Indiana Sen. Karen Tallian has filed a bill that seeks to decriminalize possession of up to an ounce of marijuana.

Police in the state made 22,000 arrests for possession of small amounts of marijuana in 2018, making it the second most common offense. Tallian revealed that the number of arrests increased last year and said that is why she keeps filing decriminalization bills.

SB 114 would reduce the penalty for possession to an infraction for a first offense. A second offense would result in a Class C misdemeanour.

“We are well behind the times in the state of Indiana when it comes to cannabis,” said Tallian, who is the Senate Democratic Chairwoman. She urged her legislative colleagues to follow the examples providing by neighbouring states like Illinois and Michigan, which both recently legalized recreational cannabis sales.

Indiana is among a shrinking minority of states in which marijuana is illegal for medical and recreational purposes. Idaho, Wyoming, South Dakota, Kansas, Wisconsin, Tennessee, Alabama, and South Carolina are the only other states in which marijuana is fully illegal and possession is treated as a criminal offense.

Another Indiana Senator, Greg Taylor, said the state’s laws are unjust, ineffective, and out-dated. He has filed a separate bill, SB 86, which would provide anyone in possession of a valid medical marijuana card from another state with a defense from prosecution within Indiana.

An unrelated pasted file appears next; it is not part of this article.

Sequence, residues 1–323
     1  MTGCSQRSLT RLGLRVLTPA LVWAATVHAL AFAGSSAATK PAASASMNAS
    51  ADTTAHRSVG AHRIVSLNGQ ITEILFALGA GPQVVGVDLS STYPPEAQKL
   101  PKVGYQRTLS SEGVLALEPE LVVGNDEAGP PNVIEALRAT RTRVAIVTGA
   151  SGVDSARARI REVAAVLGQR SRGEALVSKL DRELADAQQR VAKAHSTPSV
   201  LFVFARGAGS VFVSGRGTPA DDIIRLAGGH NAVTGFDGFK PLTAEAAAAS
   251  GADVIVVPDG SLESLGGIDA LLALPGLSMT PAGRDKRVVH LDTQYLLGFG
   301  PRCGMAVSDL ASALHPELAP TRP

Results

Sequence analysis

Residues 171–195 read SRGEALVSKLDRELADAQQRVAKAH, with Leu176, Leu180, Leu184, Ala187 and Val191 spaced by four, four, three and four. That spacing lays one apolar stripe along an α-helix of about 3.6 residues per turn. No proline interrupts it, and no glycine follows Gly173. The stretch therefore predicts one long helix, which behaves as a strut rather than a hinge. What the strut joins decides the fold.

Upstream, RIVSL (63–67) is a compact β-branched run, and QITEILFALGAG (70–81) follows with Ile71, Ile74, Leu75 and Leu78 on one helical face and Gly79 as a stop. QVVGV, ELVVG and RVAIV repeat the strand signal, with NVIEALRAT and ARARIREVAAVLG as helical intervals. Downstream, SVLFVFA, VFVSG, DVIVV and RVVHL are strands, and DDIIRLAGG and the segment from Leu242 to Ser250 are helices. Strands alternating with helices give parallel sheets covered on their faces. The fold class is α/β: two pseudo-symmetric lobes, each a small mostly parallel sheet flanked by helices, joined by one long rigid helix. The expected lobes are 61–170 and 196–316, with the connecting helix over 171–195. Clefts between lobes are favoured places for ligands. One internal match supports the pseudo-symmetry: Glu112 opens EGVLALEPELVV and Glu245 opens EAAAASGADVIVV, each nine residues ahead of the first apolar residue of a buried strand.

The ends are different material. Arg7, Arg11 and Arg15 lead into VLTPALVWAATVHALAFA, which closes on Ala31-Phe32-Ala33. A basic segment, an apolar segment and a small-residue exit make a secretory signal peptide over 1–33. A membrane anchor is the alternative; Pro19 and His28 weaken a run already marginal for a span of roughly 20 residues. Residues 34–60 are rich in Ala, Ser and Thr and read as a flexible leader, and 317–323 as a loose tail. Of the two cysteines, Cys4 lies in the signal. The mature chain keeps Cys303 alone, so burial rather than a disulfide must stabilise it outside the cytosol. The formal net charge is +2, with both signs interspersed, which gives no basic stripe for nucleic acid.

Both Tallian and Taylor are Democrats, while Republican State Rep. Jim Lucas has also filed a decriminalization bill. Lucas’ bill also sets out the framework for a legal medical marijuana industry in the state.

Gov. Holcomb has previously said he believes Indiana should wait for the federal government to legalize marijuana.

Neighbouring Ohio has a thriving medical marijuana industry – 74,768 registered patients have registered with the program since it began a year ago – but this week Gov. Mike DeWine ruled out legalizing recreational cannabis.

He believes it would be a mistake to permit sales, arguing that marijuana has grown increasingly potent in recent years and that it poses a risk to youngsters in Ohio. Cannabis advocates accused him of swimming upstream against the current of popular will and common sense and defying the wishes of the majority of his constituents.

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